Sustainability: a continuous journey
ECVM members are constantly looking at ways to reduce environmental impacts and improve the eco-efficiency of their products through compliance with the Industry Charters for producing PVC by suspension (S-PVC) and emulsion (E-PVC) processes. The first of these Charters was signed in 1995. Its commitments cover also EDC and VCM production with respect to emission limits for vent gasses, aqueous discharges and VCM concentrations in effluents and product.
An updated version replaces the two charters, which are no longer in force or valid after 2021.
The Charter is subject to external verification and the results published in the Progress Reports of VinylPlus.
In July 1999, independent auditors confirmed that the industry had achieved 88% compliance with the rigorous targets that had been set by the S-PVC Charter, which also covers EDC/VCM manufacturing. A second verification carried out in 2002 concluded that the compliance rate had increased to 93%. A further 4% were either partially compliant or lacked enough evidence to demonstrate full compliance.
The performance of emulsion PVC plants during the second half of 2004 was assessed early 2005 against the E-PVC Charter. The overall compliance of this verification was 71% against the combined three criteria for VCM emissions to air, to water and residual VCM in PVC resins. This is because only 57% of the plants achieved full compliance for residual VCM in final products against the single Charter limit of one gramme per tonne for all grades of PVC. However: across all verified plants, approximately 95% of final E-PVC produced during the verification period complied with this criterion.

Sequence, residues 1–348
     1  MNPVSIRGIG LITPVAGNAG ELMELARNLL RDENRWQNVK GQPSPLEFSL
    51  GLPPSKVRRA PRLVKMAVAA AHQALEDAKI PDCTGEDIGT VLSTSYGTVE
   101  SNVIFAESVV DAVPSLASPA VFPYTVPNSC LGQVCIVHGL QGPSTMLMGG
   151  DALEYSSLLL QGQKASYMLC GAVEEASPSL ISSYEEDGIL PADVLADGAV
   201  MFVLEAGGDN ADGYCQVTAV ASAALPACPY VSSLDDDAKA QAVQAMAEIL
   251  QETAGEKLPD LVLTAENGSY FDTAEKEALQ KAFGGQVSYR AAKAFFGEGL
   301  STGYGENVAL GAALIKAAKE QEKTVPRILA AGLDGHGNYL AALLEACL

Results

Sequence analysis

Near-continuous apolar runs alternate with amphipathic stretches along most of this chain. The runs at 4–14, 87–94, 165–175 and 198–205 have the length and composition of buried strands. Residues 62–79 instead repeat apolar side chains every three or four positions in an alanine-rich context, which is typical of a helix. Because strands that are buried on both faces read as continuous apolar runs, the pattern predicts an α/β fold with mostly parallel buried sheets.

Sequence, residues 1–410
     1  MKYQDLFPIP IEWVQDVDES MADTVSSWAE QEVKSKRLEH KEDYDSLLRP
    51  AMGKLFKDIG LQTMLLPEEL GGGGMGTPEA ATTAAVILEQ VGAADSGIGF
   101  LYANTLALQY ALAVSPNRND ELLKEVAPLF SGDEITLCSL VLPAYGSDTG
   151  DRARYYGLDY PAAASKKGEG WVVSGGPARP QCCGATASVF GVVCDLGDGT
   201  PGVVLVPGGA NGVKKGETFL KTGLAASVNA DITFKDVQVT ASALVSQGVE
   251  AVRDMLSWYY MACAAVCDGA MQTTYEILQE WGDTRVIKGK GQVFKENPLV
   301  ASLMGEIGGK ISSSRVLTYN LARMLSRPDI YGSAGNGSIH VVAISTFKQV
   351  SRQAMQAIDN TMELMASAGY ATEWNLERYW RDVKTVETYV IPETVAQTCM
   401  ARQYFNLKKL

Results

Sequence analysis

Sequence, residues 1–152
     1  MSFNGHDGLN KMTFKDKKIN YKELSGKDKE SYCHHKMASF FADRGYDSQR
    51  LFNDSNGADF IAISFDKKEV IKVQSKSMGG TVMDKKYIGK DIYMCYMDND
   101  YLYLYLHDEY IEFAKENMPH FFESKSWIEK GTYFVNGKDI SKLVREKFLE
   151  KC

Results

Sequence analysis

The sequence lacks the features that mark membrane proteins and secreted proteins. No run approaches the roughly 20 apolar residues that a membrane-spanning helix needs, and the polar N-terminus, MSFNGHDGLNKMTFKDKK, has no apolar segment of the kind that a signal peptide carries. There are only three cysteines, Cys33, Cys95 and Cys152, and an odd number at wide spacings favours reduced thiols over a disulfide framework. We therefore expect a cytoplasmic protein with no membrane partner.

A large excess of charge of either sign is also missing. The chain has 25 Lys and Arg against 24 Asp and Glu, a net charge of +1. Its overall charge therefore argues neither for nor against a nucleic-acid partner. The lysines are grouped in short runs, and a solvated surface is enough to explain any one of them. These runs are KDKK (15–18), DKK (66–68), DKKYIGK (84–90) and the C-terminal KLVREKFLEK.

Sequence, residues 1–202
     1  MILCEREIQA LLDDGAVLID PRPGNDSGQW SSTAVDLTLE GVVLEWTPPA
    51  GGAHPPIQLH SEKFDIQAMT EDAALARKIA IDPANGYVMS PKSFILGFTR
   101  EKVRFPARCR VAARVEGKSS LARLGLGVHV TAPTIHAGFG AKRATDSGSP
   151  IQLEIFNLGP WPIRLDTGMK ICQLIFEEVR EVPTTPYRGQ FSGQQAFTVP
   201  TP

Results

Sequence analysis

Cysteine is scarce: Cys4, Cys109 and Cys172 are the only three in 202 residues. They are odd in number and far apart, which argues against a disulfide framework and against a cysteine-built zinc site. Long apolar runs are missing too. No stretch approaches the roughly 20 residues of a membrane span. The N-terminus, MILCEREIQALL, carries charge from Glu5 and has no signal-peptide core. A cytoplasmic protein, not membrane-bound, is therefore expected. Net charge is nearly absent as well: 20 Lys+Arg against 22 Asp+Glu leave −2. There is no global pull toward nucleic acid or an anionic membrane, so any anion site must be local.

A verification of EDC/VCM, S-PVC and E-PVC plants, including those of the new members having joined ECVM after the 2004 enlargement of the European Union, took place in 2010. It was completed by a verification covering the second half of 2011, focused only on those sites that failed to fully comply in 2010.
When fixed point emissions are very low, as is the case in the VCM and PVC plants, fugitive emissions, i.e. minute leaks from flanges, seals and other equipment, can become a relatively important contributor to overall emissions. This is why ECVM, with the support of engineering company SNC Lavalin, developed a set of guidelines to measure fugitive emissions.